In theory, booking a driving test in the UK should be relatively easy. The DVSA’s online booking system works well and both learner drivers and driving instructors can use the booking system whenever they like. Unfortunately in practice, the system is let down by the lack of available test dates. Depending on the test centre, it can take anywhere up to 3 months to get a test date. Learner drivers, driving instructors and the DVSA all agree that the lack of available test appointments is something that needs to be urgently addressed.
Why does it take so long to get a driving test
If you’re wondering why it takes so long to get a driving test, you’re not alone. There’s a good chance you’re reading this article because you tried to book a driving test on the DVSA’s website, only to find out the next available test date is several weeks away. As we were also interested in finding out why waiting times are long, we decided to look into the issue and in doing so, we’ve identified a handful of key factors.
Increase in the number of conducted tests
There has been a steady rise in the demand for driving tests since 2012/13. In that period 1.4m driving tests were conducted and by the end of 2019, 1.6m driving tests had been taken in that year. Apart from in 2018/19, the number of conducted tests has risen each year and this rise in demand has contributed to the longer test waiting times we see today.
Total number of driving tests taken since 2010/11
|Year||Conducted||Passes||Pass Rate %|
It’s also worth bearing in mind, that all driving test centres were not created equal. Some test centres in large cities and towns are extremely busy, while others in more rural locations are less so. The increase in demand is more likely to be felt at busier test centres, which is why the waiting times for driving tests at the some London locations can be well over 90 days.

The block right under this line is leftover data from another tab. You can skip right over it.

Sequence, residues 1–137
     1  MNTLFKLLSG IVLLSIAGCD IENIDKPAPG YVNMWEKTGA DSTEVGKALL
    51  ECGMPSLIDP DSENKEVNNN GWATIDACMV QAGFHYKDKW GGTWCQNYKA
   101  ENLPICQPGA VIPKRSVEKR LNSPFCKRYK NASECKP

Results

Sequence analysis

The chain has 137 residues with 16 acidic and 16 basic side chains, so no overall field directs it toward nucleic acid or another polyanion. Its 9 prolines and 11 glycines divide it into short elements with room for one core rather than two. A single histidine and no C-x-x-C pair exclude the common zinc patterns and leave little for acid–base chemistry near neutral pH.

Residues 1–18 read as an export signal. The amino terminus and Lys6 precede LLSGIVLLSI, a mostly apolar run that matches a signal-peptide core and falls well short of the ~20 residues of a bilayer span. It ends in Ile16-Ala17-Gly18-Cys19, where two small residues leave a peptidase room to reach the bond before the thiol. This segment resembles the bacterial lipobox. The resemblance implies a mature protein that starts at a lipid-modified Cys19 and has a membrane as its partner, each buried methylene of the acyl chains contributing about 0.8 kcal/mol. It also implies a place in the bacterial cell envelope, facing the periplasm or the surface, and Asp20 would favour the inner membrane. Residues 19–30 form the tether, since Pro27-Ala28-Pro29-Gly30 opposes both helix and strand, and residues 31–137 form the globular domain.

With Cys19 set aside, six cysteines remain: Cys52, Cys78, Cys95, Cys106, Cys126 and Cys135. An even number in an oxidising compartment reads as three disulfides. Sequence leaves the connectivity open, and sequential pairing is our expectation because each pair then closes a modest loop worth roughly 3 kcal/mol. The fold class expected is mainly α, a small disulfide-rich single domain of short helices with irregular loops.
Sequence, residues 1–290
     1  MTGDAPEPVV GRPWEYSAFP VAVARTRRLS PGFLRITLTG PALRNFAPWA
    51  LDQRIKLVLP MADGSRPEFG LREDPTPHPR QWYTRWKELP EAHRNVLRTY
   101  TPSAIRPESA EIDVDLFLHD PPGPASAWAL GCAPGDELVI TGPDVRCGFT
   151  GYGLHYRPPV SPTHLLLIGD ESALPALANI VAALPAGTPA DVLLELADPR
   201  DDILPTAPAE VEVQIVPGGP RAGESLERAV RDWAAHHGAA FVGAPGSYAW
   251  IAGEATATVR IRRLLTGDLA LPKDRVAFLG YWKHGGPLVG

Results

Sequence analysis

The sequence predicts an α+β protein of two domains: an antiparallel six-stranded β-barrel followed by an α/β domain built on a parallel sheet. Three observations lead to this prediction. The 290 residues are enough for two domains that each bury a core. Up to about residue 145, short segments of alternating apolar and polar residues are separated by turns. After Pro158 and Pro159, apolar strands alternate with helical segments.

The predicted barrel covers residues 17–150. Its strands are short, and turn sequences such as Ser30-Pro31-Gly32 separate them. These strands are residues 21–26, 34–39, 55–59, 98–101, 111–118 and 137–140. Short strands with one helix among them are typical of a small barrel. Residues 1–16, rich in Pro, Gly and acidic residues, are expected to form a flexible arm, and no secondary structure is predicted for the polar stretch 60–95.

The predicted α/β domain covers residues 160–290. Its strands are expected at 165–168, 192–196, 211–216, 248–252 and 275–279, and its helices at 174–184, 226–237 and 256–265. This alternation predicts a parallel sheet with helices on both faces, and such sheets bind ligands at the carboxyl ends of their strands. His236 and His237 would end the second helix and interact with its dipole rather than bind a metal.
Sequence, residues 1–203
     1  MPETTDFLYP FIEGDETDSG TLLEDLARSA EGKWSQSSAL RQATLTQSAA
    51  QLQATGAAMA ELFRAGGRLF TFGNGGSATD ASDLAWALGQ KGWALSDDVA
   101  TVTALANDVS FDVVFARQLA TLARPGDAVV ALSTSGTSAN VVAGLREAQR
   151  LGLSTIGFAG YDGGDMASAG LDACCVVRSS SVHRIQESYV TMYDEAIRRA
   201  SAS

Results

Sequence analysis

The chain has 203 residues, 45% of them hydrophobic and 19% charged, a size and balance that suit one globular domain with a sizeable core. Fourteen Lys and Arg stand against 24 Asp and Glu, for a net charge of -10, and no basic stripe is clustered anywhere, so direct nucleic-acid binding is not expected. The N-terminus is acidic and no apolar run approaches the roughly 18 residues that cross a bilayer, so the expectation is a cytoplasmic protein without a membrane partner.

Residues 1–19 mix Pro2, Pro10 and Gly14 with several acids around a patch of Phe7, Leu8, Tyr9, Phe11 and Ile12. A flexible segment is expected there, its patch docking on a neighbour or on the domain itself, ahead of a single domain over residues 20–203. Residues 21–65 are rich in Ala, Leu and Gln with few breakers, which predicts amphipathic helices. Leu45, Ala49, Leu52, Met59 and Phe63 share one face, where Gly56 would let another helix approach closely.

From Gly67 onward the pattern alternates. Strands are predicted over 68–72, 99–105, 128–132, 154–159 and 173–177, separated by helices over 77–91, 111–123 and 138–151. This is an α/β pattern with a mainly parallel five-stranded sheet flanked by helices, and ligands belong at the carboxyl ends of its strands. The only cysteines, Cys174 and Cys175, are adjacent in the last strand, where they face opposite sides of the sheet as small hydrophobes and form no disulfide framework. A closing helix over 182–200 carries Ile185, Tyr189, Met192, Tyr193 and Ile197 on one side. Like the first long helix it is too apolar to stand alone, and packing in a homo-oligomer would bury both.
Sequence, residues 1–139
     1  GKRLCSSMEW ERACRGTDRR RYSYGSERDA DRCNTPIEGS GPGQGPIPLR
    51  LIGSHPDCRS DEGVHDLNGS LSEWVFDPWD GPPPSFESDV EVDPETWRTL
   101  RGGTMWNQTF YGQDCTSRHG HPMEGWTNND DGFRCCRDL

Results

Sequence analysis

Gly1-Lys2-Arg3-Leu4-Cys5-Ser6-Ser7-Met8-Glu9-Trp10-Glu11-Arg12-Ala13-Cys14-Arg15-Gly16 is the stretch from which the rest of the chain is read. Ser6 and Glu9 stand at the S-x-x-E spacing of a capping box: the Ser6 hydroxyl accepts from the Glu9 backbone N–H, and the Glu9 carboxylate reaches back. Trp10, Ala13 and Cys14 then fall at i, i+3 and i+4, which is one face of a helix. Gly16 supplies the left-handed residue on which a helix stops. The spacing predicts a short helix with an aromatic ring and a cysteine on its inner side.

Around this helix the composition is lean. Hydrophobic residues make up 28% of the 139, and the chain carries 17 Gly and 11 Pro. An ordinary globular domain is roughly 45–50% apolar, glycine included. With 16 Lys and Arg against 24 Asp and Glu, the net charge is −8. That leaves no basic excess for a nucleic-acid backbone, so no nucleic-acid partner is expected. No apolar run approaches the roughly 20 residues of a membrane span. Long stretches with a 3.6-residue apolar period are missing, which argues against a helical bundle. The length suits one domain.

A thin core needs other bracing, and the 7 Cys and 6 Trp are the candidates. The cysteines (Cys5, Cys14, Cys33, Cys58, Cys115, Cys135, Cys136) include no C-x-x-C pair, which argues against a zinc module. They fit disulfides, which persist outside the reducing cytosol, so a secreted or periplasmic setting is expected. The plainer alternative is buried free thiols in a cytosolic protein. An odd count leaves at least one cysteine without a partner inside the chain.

More older learner drivers taking their test
When the economy is strong and individuals have more disposable income, we tend to see an increase in the number of people learning to drive. This as you can imagine also leads to an increase in the number of learner drivers looking to book their driving test.
After the financial crisis in 2008, the economy began to recover in the early 2000s. Older students who put off learning to drive during the recession began taking lessons again and as the table above shows, the number of conducted driving tests rose steadily. The influx of older learner drivers has contributed to the longer driving test waiting times we see today.
Fast forward to March 2020 and with the COVID-19 virus wreaking havoc on the economy and everyday life – driving tests were cancelled for 3 months from Friday 20th March – we expect the demand for driving tests to fall once the initial backlog of cancelled tests is cleared. We think this will be the case as the economy is likely to go into a recession in the next couple of months, meaning people will have less disposable income.
Shortage of driving examiners
You could say the increase in driving test waiting times is the result of a perfect storm. Not only has the demand for tests increased, but there’s also been a shortage in the number of driving examiners on the DVSA’s books. Many driving examiners have either retired or left the profession and making up the shortfall in examiners is high on the DVSA’s list of priorities. In 2016, the DVSA had this to say on their driving examiner recruitment drive;
To help us reduce waiting times, we need to take on more driving examiners. Our recent examiner recruitment campaigns are starting to show results. At the start of the campaign, we were recruiting on average 10 examiners per month (April 2014 to March 2015). Since April 2016, we’ve been recruiting on average 20 per month.
The waiting list for practical driving tests will continue to increase if the DVSA’s recruitment of driving examiners fails to keep pace with the demand for driving tests. Later on in this article, we’ll explore some of the things the DVSA could do to attract and keep more driving examiners on their books. If implemented, these suggestions should help reduce the waiting times for test appointments.